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home : obituaries : obituaries
March 24, 2023

1/27/2023 11:46:00 AM
Joseph E. Gillach

The self-described “luckiest man on earth,” Joseph Edward Gillach, died of old age on December 21, the winter solstice, at age 94, at home, with his children by his side. Always closely attuned to his body and spirit, at Thanksgiving he told his family he would be Gone to Glory, the Gillach term for dying, by Christmas despite few outward indications that he was in failing health.

Joe’s luck began in 1928 when he was born into the rambunctious, athletic, and fiercely competitive Gillach family of Aurora, on the Iron Range of Northern Minnesota. His mother and two sisters were strong-willed women, and their influence on Joe was evident in his choice of life-partner as well as in the great strength and character of his beloved daughter and granddaughters. His brothers, Jim and Tom, were his best friends throughout their lives. They loved to joke that Joe’s luck was so omnipresent that during the Depression, their mother often took Joe on her walks to the local grocery store because if there was loose change to be found along the way, Joe would surely spot it.

His luck continued when he joined the army in the final days of WWII. Under the GI Bill, he was able to attend the College of St. Thomas, and later in life, to obtain a mortgage on his first home. While in the military he was posted in Japan as a guard for a beer warehouse, enhancing his general popularity as well as solidifying the lore around his luck.

In 1956 Joe returned to Aurora and met his future wife, Patricia Mooney Gillach. Pat, who was a high school biology teacher, had just resigned on principle over the firing of a fellow teacher who had been accused of being gay. Joe was sent by his mother to ask her to stay. Talk of work led to beers, which led to a car ride where Pat put her head on Joe’s shoulder, prompting him to propose.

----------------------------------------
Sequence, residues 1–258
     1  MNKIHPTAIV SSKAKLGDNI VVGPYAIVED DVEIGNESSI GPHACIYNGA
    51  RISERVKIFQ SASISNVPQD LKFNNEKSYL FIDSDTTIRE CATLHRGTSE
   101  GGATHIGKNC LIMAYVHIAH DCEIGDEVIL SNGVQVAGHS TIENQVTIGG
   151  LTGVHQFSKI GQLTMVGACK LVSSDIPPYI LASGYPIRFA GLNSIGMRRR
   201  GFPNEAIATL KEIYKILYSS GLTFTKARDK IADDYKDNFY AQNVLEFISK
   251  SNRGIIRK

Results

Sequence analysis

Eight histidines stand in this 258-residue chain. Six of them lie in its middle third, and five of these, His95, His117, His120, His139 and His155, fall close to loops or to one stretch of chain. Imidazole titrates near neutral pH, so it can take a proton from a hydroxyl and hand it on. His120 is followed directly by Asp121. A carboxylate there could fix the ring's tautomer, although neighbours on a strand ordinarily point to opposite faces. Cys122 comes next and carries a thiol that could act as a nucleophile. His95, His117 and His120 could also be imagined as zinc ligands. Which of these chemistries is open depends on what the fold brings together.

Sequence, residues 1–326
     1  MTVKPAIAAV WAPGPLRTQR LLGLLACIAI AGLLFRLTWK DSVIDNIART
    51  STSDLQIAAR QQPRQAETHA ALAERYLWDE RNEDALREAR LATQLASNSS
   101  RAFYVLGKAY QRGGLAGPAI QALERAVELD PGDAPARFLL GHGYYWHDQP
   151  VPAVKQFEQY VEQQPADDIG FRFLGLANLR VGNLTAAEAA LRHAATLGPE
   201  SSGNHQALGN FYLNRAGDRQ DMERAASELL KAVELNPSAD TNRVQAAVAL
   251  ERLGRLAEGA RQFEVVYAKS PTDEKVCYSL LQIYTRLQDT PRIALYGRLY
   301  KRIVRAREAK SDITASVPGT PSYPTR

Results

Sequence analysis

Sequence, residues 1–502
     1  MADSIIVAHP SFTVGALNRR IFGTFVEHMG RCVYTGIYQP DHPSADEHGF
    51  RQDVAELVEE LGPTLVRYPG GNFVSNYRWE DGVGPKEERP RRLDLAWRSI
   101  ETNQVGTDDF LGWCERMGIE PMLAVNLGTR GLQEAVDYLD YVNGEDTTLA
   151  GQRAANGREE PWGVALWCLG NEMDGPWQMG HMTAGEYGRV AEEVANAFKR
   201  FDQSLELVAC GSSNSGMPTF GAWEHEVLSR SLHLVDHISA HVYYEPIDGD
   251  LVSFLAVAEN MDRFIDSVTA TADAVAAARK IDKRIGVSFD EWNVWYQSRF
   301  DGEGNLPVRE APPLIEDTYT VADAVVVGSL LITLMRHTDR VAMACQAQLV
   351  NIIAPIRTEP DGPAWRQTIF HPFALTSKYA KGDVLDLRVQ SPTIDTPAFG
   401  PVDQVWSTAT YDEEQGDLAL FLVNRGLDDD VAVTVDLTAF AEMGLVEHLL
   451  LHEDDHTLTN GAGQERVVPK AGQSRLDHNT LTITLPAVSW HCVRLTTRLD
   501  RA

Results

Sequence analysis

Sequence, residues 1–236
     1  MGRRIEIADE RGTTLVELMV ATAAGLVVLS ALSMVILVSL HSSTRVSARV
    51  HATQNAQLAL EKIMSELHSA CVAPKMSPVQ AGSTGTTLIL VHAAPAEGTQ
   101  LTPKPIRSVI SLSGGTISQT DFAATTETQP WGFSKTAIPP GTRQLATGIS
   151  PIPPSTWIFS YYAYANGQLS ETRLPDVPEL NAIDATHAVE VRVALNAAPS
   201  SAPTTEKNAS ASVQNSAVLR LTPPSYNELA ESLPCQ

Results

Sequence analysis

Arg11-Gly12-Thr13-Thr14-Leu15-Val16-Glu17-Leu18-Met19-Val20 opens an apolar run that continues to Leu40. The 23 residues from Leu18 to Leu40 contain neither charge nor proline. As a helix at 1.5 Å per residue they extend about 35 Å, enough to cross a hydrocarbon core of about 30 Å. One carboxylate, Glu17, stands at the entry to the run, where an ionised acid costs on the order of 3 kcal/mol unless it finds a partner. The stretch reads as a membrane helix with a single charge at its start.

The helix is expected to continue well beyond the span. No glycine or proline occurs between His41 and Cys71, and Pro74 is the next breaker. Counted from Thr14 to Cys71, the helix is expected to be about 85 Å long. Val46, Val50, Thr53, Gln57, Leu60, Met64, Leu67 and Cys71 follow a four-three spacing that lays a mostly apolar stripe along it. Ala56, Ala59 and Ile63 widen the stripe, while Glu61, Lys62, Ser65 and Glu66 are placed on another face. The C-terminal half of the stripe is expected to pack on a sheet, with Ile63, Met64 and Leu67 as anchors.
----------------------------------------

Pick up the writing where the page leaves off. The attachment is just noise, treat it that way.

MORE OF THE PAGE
During their 54-year marriage, Joe’s career took them to the high desert of Chile with Anaconda Copper; back to small-town Minnesota (Chisago City and Forest Lake) where he was an English teacher and party activist in the Democratic Farm Labor Party of Walter Mondale and Hubert Humphrey; and to Colorado, where he ran a successful insurance agency. While work was essential for supporting his wife and five children, Joe’s true calling was a life of service to others--something his parents had instilled in all their kids. As he often quoted: “To whom much is given, much will be required.”

Throughout his life he worked tirelessly on behalf of the unhoused and underserved. From his earliest involvement in Minnesota politics, where he helped promote policies to protect marginalized communities, to his decades long work as a volunteer at numerous food banks, Joe gave quietly and generously. He particularly loved his work with the Twin Parish Food Bank in Denver, where he and his beloved fellow volunteers (the “buddies”) unloaded donated food, set up donation locations, collected used clothing and furniture, and tirelessly solicited money in support of people in need. Later he volunteered at the foodbank run by the Parish of St. Thomas in Boulder, CO, and at the Boulder Foodbank, where he became friends with a number of the clients, including Brody, who would visit Joe regularly for old issues of People Magazine and a little financial help. Pat often accused Joe of “trying to cut in line to heaven,” which undoubtedly was the case at his death.